“Skios”: A Review

Skios is Michael Frayn’s entry for the Man Booker Prize this year. Frayn, a septuagenarian British Renaissance Man (he is the premier translator of Chekhov’s plays in the UK), has carefully crafted a novel of mistaken identity at the Fred Toppler Foundation’s annual Great European House Party on the remote Greek island of Skios. The book is hilarious.

Oscar Wilde himself would be proud in the way Frayn concocts a plot where the roguish Oliver Fox assumes the identity of scholar, Dr. Norman Wilfred, the event’s keynote speaker. This occurs despite Fox’s handsome, thirtyish features, punctuated by a mop of very blond hair, while Dr. Wilfred is balding, frumpish, and fiftyish.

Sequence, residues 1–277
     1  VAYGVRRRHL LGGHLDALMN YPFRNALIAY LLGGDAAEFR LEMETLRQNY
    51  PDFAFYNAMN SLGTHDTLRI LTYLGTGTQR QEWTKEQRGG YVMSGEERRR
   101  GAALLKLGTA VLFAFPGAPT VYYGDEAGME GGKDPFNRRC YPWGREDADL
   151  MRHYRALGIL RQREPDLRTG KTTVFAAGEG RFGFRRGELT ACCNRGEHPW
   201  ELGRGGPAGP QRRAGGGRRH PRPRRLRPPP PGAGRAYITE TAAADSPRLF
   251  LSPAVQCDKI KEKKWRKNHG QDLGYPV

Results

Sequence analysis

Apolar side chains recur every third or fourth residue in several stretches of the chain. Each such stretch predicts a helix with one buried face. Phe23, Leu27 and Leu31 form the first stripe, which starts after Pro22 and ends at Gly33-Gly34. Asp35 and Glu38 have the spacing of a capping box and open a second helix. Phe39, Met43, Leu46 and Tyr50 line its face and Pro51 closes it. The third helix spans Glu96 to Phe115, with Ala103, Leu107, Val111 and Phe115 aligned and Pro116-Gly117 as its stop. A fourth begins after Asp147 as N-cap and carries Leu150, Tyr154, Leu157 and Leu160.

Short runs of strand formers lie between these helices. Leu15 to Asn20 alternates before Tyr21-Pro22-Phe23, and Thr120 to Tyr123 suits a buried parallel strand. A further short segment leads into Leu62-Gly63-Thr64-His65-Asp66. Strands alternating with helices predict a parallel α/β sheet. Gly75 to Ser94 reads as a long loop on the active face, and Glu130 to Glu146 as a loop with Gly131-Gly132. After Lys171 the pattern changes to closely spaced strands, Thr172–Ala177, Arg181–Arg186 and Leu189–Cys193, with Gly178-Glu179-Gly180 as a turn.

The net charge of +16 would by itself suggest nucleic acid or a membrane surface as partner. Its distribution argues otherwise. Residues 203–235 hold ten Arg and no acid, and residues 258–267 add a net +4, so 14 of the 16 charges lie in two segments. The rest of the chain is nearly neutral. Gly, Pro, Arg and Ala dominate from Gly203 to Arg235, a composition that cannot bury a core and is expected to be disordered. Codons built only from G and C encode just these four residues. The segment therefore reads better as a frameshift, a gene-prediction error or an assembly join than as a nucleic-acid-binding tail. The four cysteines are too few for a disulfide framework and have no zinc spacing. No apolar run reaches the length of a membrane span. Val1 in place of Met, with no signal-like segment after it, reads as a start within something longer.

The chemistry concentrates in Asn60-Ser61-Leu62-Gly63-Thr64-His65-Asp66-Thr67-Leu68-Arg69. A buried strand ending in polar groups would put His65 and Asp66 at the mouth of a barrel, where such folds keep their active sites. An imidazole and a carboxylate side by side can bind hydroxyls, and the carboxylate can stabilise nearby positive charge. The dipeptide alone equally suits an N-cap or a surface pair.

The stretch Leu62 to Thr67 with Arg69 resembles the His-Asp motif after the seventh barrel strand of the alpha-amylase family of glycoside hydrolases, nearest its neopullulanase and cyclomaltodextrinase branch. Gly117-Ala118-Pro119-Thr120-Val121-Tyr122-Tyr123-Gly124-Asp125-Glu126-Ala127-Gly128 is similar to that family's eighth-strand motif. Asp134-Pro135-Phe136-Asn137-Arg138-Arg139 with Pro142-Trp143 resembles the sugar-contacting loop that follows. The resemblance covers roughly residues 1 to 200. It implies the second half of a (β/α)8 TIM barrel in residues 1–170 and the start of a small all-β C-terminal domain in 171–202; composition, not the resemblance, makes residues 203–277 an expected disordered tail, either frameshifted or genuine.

The sly Fox charms and mesmerizes an interesting array of supporting female characters. These include Nikki, the event creator, Mrs. Fred Toppler, a former American strip tease artist whose inherited wealth funds this Greek shindig, and the enigmatic Mrs. Skorbatova, the wife of a Russian mobster.

Although Skios is a delightfully entertaining read, I think that perhaps it is better suited for either film or television, media in which Mr. Frayn has considerable experience. I can just see Owen Wilson playing the role of Oliver Fox!

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